Should We Be Repatriating Rock Art?

My cup of  Starbucks Breakfast Blend wasn’t the only thing steaming this morning as I read today’s post over at Northwest Coast Archaeology.  It seems that the folks at the Vancouver Museum,  whose job it is to carefully and lovingly preserve its collections for future generations,  are allowing a rare treasure from British Columbia’s Fraser River to crumble and flake into oblivion.  The treasure in question is a massive 5-6 ton boulder once blanketed with petroglyphs. According to the museum,  the art-inscribed boulder once lay in the bed of the Fraser River,  and may have marked an ancient salmon harvesting site.

The petroglyphs are in a dire, near-death state.  In sharp contrast to their striking appearance in a 1930s photograph,  you can barely make them out now.   Partially covered with destructive moss,  the animal figures and other inscriptions are literally disappearing before our eyes–vanishing,  one might add,  as surely as the once bountiful runs of  Fraser River salmon are.  I can’t believe that a museum is allowing this to happen.

But it’s all part and parcel of a much, much larger problem.  Most people,  I’m sorry to say, just don’t value or respect,  much less understand,  ancient rock art. They feel no compunction about prying loose a painted or inscribed boulder from the spot where it was created hundreds or even thousands of years earlier and hauling it off to a museum,  archaeological park or even a private garden.  They think rock art is simply about the art itself–the often mysterious figures painted or inscribed on stone.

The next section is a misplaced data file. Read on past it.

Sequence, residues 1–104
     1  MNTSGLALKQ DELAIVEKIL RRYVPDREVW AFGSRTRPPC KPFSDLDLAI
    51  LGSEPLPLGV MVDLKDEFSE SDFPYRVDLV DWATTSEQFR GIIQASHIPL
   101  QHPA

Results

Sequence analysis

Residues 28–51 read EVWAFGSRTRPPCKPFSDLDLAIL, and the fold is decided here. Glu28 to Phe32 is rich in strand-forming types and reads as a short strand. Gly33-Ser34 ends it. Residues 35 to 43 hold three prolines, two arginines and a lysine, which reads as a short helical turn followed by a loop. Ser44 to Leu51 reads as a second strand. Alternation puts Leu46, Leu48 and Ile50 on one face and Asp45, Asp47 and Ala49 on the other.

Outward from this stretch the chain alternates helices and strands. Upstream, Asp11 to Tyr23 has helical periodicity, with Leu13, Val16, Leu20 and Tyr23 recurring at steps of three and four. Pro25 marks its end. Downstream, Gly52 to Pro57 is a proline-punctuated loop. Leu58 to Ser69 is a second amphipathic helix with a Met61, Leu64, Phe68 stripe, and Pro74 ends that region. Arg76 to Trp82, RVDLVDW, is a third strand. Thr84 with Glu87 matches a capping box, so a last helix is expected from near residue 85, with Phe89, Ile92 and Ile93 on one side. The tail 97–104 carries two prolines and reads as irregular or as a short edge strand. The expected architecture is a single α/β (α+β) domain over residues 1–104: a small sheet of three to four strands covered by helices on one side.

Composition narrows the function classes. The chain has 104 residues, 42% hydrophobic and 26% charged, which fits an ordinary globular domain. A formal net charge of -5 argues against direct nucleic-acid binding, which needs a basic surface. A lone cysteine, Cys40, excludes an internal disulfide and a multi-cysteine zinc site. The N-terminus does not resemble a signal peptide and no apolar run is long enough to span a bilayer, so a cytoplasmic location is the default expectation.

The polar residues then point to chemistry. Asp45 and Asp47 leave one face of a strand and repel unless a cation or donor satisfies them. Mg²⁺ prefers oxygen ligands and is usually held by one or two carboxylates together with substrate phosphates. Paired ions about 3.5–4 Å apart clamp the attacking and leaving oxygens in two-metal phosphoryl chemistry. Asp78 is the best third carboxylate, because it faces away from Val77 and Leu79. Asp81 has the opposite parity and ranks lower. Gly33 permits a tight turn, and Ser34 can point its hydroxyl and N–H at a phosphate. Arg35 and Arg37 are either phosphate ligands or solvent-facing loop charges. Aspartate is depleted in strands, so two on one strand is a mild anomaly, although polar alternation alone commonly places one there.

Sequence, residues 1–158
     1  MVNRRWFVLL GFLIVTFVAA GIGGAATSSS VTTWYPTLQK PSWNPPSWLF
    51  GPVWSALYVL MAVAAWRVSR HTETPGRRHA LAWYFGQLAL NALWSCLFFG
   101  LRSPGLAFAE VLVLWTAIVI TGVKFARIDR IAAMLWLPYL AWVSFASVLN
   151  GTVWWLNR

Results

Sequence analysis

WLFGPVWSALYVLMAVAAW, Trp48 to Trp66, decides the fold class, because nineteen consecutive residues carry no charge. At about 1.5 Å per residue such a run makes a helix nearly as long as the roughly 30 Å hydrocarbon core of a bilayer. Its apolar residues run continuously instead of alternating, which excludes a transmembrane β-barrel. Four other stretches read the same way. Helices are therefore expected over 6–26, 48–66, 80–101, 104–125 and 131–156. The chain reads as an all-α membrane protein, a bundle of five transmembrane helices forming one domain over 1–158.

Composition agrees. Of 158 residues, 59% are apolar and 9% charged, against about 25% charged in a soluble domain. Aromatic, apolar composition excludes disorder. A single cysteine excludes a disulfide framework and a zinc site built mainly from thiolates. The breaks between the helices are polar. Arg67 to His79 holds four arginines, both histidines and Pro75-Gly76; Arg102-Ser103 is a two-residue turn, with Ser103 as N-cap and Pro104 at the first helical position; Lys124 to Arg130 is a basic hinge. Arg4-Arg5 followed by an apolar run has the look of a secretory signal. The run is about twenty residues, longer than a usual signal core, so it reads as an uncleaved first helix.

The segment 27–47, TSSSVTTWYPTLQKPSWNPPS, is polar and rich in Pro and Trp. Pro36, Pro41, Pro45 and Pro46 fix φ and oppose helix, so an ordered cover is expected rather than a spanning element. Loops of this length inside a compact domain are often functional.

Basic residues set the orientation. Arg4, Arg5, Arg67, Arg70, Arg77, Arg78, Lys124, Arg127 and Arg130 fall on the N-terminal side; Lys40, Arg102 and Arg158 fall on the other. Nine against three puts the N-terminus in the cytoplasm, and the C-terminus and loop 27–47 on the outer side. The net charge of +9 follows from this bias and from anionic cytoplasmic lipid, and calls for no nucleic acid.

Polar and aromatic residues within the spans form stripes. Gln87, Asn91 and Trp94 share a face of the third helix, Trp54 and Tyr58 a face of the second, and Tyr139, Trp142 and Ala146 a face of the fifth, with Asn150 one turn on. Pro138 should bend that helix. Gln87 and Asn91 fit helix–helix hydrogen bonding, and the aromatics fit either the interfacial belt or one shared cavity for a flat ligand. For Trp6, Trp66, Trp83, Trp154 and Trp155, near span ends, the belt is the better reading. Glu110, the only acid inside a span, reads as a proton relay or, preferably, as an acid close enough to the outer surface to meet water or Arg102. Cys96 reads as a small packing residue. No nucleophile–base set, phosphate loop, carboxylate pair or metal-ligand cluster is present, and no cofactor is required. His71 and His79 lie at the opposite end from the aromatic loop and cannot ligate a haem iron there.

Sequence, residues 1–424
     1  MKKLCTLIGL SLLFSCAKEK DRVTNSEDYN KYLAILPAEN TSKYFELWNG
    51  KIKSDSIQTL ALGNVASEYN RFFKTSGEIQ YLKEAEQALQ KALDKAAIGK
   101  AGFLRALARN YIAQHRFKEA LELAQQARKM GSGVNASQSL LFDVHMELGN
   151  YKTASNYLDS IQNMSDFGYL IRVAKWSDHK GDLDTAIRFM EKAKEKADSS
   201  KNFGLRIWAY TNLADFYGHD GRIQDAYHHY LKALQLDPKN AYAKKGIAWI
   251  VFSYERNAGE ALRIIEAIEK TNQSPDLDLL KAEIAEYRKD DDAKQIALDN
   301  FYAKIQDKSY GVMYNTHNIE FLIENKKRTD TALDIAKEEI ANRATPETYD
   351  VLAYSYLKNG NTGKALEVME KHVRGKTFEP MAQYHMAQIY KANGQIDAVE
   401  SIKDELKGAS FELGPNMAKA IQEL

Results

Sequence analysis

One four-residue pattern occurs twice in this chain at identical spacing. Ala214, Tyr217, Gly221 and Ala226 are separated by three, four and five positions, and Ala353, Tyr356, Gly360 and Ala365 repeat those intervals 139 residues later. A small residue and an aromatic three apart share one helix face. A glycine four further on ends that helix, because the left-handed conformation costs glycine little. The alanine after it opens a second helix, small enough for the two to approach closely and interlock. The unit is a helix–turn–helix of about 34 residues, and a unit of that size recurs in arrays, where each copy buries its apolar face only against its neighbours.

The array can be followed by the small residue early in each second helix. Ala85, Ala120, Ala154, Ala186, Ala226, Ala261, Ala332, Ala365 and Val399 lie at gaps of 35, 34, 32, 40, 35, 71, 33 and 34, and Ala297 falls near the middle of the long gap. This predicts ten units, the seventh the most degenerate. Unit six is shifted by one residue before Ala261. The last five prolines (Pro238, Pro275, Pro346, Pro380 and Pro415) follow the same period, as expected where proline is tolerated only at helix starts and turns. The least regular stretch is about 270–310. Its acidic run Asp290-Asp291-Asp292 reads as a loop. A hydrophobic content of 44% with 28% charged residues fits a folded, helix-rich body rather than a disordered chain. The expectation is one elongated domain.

But rock art is all about place.    It was created in a specific spot that had great meaning to the ancient artist–a spot, for example,  that looked out on a sacred mountain,  a place where fish were abundant or easy to catch,  or a trail head for a mountain pass or trade route.   For me, there  is nothing more wonderful and exhilarating than coming across a panel of  rock art while I am out hiking with friends.  I love,  of course, to study the inscriptions and photograph them,  and think about what they might mean. But even more than that,  I like to reflect and puzzle over the place itself.   Why did the artists choose that mountain cliff  or this boulder on the beach?  Why there? What made it an important place? What was the artist honoring?

By contrast,  nothing makes me sadder than to see a slab of rock art sitting in a museum foyer or archaeological park.  It looks like an orphan to me,  cut off and isolated from everything that once gave it meaning.  It honors no place any longer,  its meaning has been lost,  its beauty and wonder sadly diminished.

I wonder if it isn’t time to start repatriating rock art in museum collections.  Giving it back to First Nations who may still have stories about where it once stood or belonged. Certainly the First Nations would value it more and take better care of it than that Fraser River boulder at the Vancouver Museum.